Brierley Hill Christmas Festival

JS reported that the Christmas lights turn on will take place on 6th December.

Insight House was on board, the Santa Joggle was being supported by Birmingham Metropolitan College and DMBC were going to manage the lights switch onCommunity First funding may be available to support the project depending on the panel meeting due to take place on 18th March.

JS is keen to increase the participation of schools in the event. BJ and JS agreed to have a conversation on how this could best be achieved.

The meeting was appreciative of JS for her continuing work on this project.

Brierley Hill in Bloom

TS updated the meeting. £7500 of funding has been achieved through Community First, Brierley Hill Traders Association, and a legitimate anonymous donor.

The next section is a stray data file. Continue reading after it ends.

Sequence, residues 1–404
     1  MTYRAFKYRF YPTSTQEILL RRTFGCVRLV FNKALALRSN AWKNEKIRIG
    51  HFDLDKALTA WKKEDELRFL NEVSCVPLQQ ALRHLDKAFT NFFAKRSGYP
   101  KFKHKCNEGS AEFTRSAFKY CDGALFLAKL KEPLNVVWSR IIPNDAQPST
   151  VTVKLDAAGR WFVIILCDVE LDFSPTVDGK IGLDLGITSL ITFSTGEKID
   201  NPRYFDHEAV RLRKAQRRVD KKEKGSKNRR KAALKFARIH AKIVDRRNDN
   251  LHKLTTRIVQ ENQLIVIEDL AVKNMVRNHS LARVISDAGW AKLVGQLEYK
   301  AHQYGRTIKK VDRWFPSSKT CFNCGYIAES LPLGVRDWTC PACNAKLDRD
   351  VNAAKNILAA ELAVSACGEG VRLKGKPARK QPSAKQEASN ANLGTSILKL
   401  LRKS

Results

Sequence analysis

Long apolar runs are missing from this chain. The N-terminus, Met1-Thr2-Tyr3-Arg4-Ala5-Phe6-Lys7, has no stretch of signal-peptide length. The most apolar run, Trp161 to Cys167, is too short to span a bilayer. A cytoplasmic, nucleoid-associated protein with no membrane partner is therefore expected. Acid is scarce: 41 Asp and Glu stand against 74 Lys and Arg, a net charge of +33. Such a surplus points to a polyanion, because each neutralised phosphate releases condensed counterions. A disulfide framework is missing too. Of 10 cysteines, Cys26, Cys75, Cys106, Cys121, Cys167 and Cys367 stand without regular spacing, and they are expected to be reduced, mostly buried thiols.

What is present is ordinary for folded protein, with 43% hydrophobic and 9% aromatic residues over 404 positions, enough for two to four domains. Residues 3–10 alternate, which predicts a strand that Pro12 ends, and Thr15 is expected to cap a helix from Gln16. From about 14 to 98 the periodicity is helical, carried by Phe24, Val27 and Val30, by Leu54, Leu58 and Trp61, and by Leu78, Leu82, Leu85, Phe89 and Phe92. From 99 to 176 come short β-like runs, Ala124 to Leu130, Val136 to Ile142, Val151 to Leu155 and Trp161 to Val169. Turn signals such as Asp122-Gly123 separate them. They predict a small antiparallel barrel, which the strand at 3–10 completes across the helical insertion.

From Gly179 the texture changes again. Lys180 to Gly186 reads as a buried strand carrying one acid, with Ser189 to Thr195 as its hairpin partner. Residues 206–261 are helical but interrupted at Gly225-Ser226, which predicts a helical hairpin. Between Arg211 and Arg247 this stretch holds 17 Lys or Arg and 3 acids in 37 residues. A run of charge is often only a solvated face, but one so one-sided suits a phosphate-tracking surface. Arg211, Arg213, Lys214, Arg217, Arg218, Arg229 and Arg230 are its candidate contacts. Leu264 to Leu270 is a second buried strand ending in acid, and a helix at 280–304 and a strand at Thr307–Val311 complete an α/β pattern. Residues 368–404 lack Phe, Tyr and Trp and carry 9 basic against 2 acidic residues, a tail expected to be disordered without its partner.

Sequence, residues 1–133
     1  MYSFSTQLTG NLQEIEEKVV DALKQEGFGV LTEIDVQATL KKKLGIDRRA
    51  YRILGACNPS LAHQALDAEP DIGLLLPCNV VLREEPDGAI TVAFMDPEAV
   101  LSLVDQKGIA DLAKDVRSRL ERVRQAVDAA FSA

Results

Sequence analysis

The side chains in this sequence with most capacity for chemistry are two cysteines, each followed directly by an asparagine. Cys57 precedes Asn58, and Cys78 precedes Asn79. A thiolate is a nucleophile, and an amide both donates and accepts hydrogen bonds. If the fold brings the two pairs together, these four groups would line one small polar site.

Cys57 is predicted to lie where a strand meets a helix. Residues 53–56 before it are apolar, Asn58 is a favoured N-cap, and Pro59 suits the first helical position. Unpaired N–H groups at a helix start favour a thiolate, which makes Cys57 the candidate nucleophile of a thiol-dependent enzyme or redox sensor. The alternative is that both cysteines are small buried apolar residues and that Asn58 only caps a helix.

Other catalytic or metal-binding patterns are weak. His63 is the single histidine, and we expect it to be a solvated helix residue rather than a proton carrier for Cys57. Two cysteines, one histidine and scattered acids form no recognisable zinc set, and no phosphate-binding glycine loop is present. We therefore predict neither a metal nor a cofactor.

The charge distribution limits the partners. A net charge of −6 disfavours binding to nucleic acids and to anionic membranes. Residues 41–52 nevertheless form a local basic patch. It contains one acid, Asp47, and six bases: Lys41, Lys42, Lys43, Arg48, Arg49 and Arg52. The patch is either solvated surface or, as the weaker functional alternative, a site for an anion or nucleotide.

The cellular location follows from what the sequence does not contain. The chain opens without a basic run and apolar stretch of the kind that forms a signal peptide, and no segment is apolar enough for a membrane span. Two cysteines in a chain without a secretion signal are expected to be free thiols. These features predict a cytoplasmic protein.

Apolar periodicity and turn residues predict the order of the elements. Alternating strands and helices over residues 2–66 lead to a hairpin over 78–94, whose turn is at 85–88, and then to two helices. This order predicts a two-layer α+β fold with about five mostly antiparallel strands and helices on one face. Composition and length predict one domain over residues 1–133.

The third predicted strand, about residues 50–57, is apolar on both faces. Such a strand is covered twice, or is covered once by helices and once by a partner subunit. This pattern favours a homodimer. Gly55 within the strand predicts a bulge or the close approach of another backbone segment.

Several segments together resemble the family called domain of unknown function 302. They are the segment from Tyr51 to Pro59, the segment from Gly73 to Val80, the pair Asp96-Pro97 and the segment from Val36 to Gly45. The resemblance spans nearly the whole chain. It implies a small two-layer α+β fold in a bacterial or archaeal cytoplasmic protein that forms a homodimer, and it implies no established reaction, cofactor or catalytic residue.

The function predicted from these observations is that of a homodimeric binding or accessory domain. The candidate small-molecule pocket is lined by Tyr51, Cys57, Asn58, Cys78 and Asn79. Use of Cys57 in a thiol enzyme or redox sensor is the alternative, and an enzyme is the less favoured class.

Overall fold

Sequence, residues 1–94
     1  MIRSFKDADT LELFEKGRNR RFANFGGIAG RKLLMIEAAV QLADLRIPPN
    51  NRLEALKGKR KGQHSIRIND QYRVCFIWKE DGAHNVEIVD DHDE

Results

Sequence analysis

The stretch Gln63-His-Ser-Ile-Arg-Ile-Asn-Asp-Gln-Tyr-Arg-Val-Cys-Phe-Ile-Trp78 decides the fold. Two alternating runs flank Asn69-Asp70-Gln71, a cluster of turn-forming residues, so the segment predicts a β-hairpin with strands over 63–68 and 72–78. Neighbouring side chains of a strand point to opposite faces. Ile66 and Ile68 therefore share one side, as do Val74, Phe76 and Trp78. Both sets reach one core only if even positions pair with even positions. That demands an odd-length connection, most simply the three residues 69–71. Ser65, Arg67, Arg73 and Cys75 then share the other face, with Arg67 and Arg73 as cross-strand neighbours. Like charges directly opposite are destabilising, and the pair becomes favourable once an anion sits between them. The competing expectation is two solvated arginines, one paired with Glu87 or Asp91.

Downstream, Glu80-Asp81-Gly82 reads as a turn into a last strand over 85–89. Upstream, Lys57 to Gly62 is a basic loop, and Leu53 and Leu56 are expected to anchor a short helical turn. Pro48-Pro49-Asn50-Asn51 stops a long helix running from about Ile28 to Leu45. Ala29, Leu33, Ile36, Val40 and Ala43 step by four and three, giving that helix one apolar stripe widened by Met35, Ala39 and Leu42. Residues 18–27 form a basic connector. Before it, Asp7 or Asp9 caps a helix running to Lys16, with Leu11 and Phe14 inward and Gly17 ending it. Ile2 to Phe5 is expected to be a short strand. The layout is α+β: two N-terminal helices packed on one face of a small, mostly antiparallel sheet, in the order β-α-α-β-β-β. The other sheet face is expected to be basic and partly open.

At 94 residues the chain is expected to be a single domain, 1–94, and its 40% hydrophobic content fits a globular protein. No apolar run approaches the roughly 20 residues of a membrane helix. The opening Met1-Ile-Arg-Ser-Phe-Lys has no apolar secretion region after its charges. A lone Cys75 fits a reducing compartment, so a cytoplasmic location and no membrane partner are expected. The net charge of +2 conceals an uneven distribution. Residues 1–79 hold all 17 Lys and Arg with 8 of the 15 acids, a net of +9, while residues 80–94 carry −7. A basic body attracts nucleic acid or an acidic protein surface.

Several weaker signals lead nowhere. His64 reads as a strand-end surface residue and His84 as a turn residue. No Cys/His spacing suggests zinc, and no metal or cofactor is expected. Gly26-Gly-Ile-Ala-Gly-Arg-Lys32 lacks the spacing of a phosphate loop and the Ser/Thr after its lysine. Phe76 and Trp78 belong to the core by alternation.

The planters were on order and Birmingham Metropolitan College students were growing the plants.

It was hoped that individuals, community groups and schools would help to maintain the plants once they were in situ. This would require access to water within the town centre. The informal steering group were aware of this and working on plans accordingly.

It was agreed that the Civic Society would adopt some of the planters, and TS agreed to explore a rotor arrangements for members to look after them.

Information Exchange

SB and TS has met with New Heritage Regeneration at its request to talk about Brierley Hill. The meeting has been positive and discussions regarding ERDF funding has taken place. It was proposed to create an informal “doers” group to establish an action plan to press ahead with regeneration in Brierley Hill. SB and TS felt it was very important after this to succeed the local authority needed to view it as more than an exercise in ticking boxes.